In another sweeping statements made by the author of Reading 28 page 27 with regard to Classical Single-Period Immunization: “Setting the duration of the portfolio equal to the specified portfolio time horizon assures the offsetting of positive and negative incremental return sources under certain assumptions, including the assumption that the immunizing portfolio has the same present value as the liability being immunized.15 Duration-matching is a minimum condition for immunization.” This is another example of comparing ‘Duration’ to a time horizon when the former is a measure of change of investment value for each change of 100bps in interest rate. Also, the above is a sweeping statement. It doesn’t give any proof. I guess, we just have to memorise it and move on.
On P26~29, they use following terms of “return” without any clear defintion of each. guaranteed rate of return, assured rate of return, assures return, target return, assured rate of return of immunization, target rate of return. Some of these caused my confusion ! Also please look at the definitions on V4, P108 (R30), they are very much different from my understanding in common financial/accounting terms and the statements in Durtion Management and Duration Hedging (P116~120) are vague and inconsistent with those in R41.
One more term of “return” on P26~29 : Immunization target rate of return.
I was having difficulty understanding the immunization for ‘general cash flows’ under LOS28k and I thought I could hear what Greg Filbeck of Schweser video has to say. Well, he COMPLETELY just skip explaining the ‘general cash flow’ part. Great.
I think the explanation is in the last para in Pg 28. I was confusing between a portfolio to be immunized and a bond that we purchase for the purpose of immunization whose YTM is being discussed here . We would be short such a bond to immunize the main portfolio from the effects of rising interest rates. Think about it like this: For immunizing a portfolio , we buy a bond whose value balances any decline in the value of the portfolio at the horizon, plus keeps the total return of the portfolio+bond at an assured rate. Normally the TVM calculation assumes a constant YTM over the horizon and a constant coupon at each period . But if the yield curve is not flat , our bond will pay off a higher reinvestment return when yields are rising , so the minimum YTM required is LESS than the initial YTM would suggest. Similarly if yields are falling , coupon reinvestment of the immunization bond will not keep up with the initial projection using a flat curve TVM calculation so we need to think of a HIGHER YTM on our immunization bond to keep the total return of the bond from declining below acceptable rate. We have to remember that decline in the price of the bond does not keep in step with increase in coupon , because duration changes non-linearly. That is why need the > and < signs , duration needs to be adjusted to keep the total return of the bond above a certain expected rate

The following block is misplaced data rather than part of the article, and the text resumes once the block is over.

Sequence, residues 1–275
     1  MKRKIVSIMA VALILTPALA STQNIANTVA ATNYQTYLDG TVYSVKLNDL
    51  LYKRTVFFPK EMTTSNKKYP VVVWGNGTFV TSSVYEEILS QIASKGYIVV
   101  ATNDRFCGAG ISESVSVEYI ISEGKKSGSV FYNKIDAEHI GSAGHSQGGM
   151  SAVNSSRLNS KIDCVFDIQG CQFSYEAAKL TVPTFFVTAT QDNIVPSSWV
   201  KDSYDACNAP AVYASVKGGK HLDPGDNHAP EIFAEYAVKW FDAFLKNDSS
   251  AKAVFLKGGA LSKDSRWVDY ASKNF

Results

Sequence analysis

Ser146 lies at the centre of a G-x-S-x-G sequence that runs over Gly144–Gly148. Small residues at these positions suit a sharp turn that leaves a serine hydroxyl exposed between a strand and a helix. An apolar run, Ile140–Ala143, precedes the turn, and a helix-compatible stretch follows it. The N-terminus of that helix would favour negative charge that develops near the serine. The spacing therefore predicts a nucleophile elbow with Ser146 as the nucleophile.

janakisri, Please note that it is said in the text : upward-sloping yield curve : “LOWER” reinvestment return => ITRR < YTM downward-sloping yield curve : “HIGHER” reinvestment return => ITRR > YTM And you said : upward-sloping yield curve : "HIGHER reinvestment return => ITRR < YTM downward-sloping yield curve : "“LOWER” reinvestment return => ITRR > YTM
Upward sloping yield curve - it is LOWER reinvestment rate. Why - you had say a 5 year bond originally - now it has become a 4 year bond. The 4 year cash flows (coupons) are now having a higher yield rate to contend with (due to the upward sloping yield curve) - so PV of that Cash flow would be lower that what it was before. This would make the Reinvestment rate lower. YTM was calculated based on original cash flows, original yield curve - and that was a single point in time rate. That YTM would be higher because all the rates were lower than what they are NOW (at the 4 year point).
cpk123, In your example, suppose a 5-year 5% annual bond is selling at par of $100 at T=0 when yield curve is upward sloping and the yields are : 5%(T=0), 6%(T=1), 7%(T=2), 8%(T=3), 9%(T=4), 10%(T=5) The YTM shall be 5% in this case. Shall the investment rate (return) from the coupon payments ($5 at T=1/2/3/4/5) be lower or higher ? And how do you know that ITRR < YTM in this case ?
AMA Your question makes sense , but I think the ITRR rate of return applies to total return needed for immunization. Example: Initial ytm ( when the bond was purchased ): T=0( just before bond is purchased) YTM of 5 year bond =6% T=0+ 1month( Fed announces higher discount rates , yields jump up): YTM of 5 year bond = 6.5% Yield curve has shifted up ( it may even keep going up in next few months). Coupons, when reinvested pay more interest so at the horizon , you have a higher return on reinvestment than initially planned. Your bond 's value to YOU is constant because you intend to hold it until maturity , so it will pay the par value at the horizon. Hence same bond value + higher reinvestment value = higher accumulated value at the horizon , so there is an excess available over your liabiities at the horizon. The portfolio manager knows this will happen in a RISING interest rate scenario, but is interested only in matching liabilities and assets ,so she is likely to seek a LOWER reinvestment rate of return ( not the same as current YTM , just a lower reinvestment rate on the bond she already owns ) thru duration matching : For example she may seek lower coupon rate on the initial bond purchase, more quality , or both. This will balance the asset and liability , and reduce risk at the same time. Please let me know if this makes sense